54 Small Talk On the eve of his first concert in Hong Kong, Oscar-winning composer Alexandre Desplat reveals the joys and challenges of performing for a crowd
W hat do quirky comedy The Grand Budapest Hotel, dramatic biopic The King’s Speech and thriller Zero Dark Thirty have in common? Aside from the fact that they all won Academy Awards, their scores were written by Alexandre Desplat. The French-greek composer has been making audiences smile, laugh and cry for the past 30 years with the music he has written for more than 170 films. As he prepares for two concerts with the Hong Kong Philharmonic, Desplat explains his creative process and reveals why he loves Star Wars.
When a director approaches you, what’s the first thing you do?
I read the script, of course, which can decide if I’m inspired by the story and the narrative. Sometimes I’m called when the movie is almost completed and in the editing room. For example, for The King’s Speech, the editing was over when I was called in. Same for The Queen and The Shape of Water. Some movies are really ready to go [when I begin composing], which is always better for me because the movie has found its final balance, shape, energy and pace, and I can just surf on it.
You recently wrote the score for your first western, The Sisters Brothers, which is rumoured to be in the running for the Oscars. Was it challenging to compose for a western?
It was quite a challenge to keep myself away from clichés and try to proceed differently than if I was just mimicking what Leonard Bernstein or Bruce Broughton or Bob Dylan or Neil Young have been doing before me. I had to get rid of the reference of a western and try to transpose the story into another world. Get rid of the horses and hats and the story could be a film noir, it could be a detective story. The score is about a kind of dark fairy tale with killers chasing each other and finding treasure.
What sparked your interest in composing for cinema?
I think it was when I was watching Italian movies. Fellini movies with Nino Rota’s music, and all of these French movies I could see on TV, Francois Truffaut’s films with scores by Georges Delerue. Then there was this striking moment when I heard the score of Roman Polanski’s Chinatown by Jerry Goldsmith. And another very strong one was John Williams’ Star Wars. John Williams understood all the music of the 20th century and all composers— from Stravinsky to Ravel to Debussy—and digested all of that into one single sound. I was so impressed by that. I was 15 or 16.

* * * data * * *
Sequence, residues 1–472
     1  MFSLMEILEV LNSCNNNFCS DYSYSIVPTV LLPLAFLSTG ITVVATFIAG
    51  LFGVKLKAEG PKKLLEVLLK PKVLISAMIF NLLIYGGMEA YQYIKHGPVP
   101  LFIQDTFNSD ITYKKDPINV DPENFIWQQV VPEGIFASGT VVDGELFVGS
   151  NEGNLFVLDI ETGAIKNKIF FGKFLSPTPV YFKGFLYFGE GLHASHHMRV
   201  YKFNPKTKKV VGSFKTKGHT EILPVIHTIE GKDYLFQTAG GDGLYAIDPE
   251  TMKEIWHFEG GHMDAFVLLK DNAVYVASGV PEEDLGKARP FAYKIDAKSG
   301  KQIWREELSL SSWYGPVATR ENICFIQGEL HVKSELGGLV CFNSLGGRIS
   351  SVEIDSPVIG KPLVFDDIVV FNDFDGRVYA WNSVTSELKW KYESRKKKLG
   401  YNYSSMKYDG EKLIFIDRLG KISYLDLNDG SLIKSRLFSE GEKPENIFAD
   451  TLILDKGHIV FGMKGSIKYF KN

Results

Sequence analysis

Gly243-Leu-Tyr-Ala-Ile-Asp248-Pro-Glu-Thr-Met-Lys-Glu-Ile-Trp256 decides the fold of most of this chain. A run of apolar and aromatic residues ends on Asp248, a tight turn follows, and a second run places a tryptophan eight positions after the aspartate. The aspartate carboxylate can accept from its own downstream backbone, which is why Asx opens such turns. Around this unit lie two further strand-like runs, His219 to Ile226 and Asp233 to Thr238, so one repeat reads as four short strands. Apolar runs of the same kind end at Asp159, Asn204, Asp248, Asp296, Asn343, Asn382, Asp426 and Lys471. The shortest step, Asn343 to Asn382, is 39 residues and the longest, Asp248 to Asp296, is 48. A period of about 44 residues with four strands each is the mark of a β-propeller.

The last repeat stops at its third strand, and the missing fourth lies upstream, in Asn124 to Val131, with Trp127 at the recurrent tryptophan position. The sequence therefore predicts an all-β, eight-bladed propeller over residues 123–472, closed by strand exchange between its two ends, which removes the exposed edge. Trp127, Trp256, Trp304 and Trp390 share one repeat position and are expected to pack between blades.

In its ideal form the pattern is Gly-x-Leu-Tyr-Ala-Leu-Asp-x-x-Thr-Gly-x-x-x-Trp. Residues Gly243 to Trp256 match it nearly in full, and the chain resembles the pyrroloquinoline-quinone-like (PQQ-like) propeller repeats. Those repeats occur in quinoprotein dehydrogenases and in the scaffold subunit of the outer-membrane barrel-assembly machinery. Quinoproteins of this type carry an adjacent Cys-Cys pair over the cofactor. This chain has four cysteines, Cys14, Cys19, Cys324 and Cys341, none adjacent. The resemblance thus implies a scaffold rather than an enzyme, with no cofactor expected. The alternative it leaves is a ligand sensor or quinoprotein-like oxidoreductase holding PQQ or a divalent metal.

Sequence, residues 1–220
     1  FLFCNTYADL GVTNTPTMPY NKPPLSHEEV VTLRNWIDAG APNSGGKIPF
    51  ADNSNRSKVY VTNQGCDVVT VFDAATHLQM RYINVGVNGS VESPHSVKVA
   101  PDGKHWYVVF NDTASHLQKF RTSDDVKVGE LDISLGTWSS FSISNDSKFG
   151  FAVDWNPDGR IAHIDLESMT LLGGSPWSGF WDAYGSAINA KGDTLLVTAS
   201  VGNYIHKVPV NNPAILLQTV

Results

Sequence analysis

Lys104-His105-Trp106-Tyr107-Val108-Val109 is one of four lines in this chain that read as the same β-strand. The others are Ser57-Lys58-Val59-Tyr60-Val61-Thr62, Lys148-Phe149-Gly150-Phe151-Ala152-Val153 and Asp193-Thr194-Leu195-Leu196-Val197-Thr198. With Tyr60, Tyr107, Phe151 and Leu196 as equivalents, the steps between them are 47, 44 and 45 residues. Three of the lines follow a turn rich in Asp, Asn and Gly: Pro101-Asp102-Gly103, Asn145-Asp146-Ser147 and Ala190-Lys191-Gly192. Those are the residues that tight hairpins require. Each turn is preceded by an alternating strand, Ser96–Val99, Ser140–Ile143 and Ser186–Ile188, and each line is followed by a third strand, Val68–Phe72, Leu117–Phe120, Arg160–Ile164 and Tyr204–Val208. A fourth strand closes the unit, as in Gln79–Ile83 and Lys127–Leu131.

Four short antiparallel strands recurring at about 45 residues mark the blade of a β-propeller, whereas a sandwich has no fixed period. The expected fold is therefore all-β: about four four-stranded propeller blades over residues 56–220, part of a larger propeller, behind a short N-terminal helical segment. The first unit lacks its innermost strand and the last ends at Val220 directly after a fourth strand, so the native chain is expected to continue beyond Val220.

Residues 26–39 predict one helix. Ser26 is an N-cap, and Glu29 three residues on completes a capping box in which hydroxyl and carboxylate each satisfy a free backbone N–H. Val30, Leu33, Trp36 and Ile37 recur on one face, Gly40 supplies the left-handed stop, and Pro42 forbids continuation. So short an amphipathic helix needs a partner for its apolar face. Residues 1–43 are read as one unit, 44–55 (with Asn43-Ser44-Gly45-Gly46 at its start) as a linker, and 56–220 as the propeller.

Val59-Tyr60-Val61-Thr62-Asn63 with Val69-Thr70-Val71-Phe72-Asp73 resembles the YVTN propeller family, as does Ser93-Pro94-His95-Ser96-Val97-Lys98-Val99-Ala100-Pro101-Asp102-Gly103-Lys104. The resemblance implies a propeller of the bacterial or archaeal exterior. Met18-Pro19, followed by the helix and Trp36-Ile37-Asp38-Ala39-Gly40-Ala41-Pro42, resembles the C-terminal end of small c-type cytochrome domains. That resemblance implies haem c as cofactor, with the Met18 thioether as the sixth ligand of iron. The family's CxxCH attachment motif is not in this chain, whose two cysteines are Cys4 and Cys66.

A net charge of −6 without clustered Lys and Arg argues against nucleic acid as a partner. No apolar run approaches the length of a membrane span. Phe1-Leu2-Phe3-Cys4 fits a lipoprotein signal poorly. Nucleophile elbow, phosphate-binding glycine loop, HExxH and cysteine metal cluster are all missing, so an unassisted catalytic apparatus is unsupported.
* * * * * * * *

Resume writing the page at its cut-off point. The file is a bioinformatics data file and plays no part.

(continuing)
Composing for film involves lots of work in a studio. Does performing your music for a live audience—as you’ll be doing in Hong Kong—excite you?
It’s a great pleasure because in a studio my only audience is the musicians I’m conducting and the few people in the control room: the director, the producer, Dominique “Solrey” Lemonnier—who’s my artistic director and will be with me in Hong Kong. Before performing live, I try to modify what has to be modified from the studio sound to the orchestral sound. The music I write seems quite simple, it’s very transparent, you can hear every line very clearly, so it seems simple when you read it on paper, but when you play it live you realise how difficult it is because everything can be heard. The third flute can be heard, the trumpet that plays bar 55 for three bars has a solo that will be very precise and can be heard. It’s not simple to play live because it’s as transparent as a tree in winter—you can’t hide behind the leaves. But we’ll get there—i’m very excited to play with the Hong Kong Philharmonic. Alexandre Desplat performs with the Hong Kong Philharmonic on January 4 and 5, 2019. Tickets can be booked at hkphil.org